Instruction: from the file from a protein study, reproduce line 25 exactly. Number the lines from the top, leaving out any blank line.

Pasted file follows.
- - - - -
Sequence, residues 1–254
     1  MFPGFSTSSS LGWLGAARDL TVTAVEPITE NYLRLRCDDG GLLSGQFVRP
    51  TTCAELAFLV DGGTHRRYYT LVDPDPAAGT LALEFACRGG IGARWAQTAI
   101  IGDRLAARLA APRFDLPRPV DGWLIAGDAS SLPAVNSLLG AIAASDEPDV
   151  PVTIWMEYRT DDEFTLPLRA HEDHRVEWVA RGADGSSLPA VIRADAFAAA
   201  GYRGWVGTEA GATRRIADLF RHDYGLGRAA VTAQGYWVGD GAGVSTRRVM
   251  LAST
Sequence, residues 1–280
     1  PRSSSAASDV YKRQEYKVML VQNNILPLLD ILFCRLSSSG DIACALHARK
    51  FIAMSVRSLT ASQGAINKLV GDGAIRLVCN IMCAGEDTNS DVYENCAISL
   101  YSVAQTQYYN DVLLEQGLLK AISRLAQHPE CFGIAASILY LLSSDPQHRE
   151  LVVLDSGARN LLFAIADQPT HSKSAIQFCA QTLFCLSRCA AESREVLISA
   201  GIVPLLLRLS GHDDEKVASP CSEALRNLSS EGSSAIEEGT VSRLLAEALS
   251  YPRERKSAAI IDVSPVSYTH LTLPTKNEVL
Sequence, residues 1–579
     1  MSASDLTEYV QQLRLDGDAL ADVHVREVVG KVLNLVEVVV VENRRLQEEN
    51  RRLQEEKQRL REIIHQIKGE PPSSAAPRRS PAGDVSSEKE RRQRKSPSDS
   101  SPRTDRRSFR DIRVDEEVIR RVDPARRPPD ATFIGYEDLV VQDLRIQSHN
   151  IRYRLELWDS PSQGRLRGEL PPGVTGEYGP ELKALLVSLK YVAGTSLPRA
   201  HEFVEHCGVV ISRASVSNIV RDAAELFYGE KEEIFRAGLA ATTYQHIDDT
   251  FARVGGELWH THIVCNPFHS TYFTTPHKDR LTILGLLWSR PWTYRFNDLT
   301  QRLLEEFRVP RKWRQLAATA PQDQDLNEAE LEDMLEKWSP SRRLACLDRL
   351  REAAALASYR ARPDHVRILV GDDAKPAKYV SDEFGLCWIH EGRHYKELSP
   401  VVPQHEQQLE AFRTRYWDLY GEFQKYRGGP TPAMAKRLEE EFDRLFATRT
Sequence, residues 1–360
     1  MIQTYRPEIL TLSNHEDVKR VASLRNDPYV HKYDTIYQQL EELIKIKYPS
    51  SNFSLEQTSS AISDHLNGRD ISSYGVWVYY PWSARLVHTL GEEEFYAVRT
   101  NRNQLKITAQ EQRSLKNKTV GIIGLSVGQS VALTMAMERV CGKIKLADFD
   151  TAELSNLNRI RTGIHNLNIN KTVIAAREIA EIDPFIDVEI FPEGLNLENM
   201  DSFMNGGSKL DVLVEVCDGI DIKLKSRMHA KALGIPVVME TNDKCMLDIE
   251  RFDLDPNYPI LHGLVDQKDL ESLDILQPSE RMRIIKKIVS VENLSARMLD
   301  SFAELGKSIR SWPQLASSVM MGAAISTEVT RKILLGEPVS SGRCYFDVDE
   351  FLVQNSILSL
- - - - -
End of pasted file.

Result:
Sequence, residues 1–360